I reluctantly vote for the all-inclusive, because most of our travels lately have been aboard cruises, and all have been very enjoyable. When we first retired, we were in our still-vigorous 60s, and it was often fun to fly to a foreign destination, rent a hotel room and, on our own independent schedule, make our own way around the area to find food, sights and entertainment.
We’ve done it dozens of times, including several leisurely hike and bus trips through Europe. Our only baggage then was a wheeled carry-on and a small backpack each. With a well-thumbed guidebook and absolutely no schedule, we stopped at bed’n’breakfasts, ate in small, out-of-the-way cafes and did whatever we felt like doing at the moment. For two people doing such free roaming from age 65 to 80, it may seem an impossible feat to younger travelers, but we had a blast, and we’ve never regretted it.
However, as enjoyable as that was, we are now into our 80s, and we’re pretty much limited to cruises. Since retiring, we cruised once a year just for the variety from the free trek travels. Whether all-exclusive cruises are always a better overall vacation experience, that’s a matter of personal taste, convenience and other factors. We can only speak about here and now for we advanced senior citizens.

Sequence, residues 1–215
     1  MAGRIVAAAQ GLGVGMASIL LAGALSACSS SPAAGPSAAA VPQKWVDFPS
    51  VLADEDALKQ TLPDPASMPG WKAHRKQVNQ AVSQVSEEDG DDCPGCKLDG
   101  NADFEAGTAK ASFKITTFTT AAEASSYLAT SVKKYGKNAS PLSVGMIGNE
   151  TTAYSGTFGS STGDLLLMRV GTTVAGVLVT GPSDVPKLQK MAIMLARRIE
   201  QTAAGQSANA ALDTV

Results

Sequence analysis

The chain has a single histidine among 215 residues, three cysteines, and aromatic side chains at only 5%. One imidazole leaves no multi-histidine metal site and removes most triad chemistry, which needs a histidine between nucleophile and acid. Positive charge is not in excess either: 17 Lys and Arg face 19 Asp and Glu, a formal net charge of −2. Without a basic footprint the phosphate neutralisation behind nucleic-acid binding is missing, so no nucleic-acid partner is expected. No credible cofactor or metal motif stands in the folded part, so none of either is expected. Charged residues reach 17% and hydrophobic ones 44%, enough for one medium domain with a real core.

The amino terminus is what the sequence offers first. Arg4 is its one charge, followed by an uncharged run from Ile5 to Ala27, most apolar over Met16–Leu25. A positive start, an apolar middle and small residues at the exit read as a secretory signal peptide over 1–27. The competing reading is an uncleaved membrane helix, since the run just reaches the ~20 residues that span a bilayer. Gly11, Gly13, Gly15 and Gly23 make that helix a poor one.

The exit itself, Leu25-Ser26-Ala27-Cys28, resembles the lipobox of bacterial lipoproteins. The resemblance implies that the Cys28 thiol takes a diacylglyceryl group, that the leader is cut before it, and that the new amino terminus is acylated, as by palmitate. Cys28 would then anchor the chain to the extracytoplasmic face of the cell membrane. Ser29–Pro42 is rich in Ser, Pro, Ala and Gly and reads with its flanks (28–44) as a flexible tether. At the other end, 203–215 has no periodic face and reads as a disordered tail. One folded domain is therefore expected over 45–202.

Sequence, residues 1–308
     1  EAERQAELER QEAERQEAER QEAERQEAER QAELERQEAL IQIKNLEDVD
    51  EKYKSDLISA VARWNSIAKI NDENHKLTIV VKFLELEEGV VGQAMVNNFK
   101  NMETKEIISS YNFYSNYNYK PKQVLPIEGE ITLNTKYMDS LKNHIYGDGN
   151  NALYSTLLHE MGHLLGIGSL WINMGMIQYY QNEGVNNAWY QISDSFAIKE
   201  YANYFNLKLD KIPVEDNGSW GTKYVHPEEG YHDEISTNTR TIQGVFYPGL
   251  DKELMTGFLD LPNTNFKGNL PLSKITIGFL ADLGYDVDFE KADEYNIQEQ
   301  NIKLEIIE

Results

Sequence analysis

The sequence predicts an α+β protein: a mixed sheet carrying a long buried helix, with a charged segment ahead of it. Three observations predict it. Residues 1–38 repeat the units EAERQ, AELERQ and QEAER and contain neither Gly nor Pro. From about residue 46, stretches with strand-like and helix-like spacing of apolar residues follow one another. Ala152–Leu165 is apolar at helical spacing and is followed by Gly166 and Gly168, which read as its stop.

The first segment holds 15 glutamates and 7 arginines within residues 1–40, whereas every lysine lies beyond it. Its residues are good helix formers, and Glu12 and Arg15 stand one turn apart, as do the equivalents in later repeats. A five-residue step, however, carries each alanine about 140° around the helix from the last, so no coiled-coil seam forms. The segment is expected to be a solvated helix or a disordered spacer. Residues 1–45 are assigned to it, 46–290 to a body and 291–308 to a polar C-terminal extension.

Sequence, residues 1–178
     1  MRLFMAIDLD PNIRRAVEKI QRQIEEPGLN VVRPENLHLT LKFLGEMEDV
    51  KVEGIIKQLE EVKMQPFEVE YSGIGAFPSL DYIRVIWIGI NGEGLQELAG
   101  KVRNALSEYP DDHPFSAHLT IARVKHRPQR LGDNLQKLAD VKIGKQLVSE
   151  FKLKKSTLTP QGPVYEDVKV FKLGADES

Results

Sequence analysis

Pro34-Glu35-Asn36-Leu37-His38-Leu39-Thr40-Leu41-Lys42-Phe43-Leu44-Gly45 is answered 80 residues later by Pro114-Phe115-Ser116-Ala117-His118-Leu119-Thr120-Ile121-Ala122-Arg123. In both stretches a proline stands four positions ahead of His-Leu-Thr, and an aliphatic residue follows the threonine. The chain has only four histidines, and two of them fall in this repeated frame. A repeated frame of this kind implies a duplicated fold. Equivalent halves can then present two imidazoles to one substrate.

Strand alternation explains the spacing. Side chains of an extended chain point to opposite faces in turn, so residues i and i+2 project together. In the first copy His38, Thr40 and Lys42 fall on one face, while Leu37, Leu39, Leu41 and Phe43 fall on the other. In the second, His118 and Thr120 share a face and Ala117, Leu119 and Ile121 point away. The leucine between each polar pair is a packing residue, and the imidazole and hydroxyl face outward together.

Best of all, it is a hell of a lot more convenient to take a cruise. You pay one price, you lug your luggage up the gangway, go to your cabin and that’s the extent of your travel efforts. After that, everything is just steps away. Additionally, while frugal hikers and hostel bunkers can get along spending less than $100 a day per person, most land vacations involving paying separately for restaurants, hotels and all the other expenses could cost $300 a day and up. Now, with worldwide inflation running wild and the American dollar falling hard, the costs of buying it all separately keep going up and up and up and up.
If you can be thorough in researching prices and destinations of cruises, either through the internet or with your friendly neighborhood travel agency, you can still get some great bargains. My son and I are planning a four-night round-trip cruise out of Los Angeles to Acapulco, Mexico, in the Fall. It had to be just a few days because my son has never cruised before, and wants to be sure he enjoys it (and keeps his dinner down) before committing to a more ambitious trip.
By studying the various internet sites, the best price I’ve found so far … Fall prices are the lowest … is $450 for an oceanview cabin or $650 for a balcony suite. Remember: this includes everything … fresh bed every night, all meals, snacks, dancing, drinks (we don’t drink booze), entertainment, sports, games and a jillion other amenities. If we take the cabin, it is a bit over $100 a day, or $150 for the more luxurious suite. You just can’t beat the price and convenience of an all-inclusive cruise, especially if you’re too old and/or too lazy to bounce around wherever you please with your trusty carry-on and knapsack.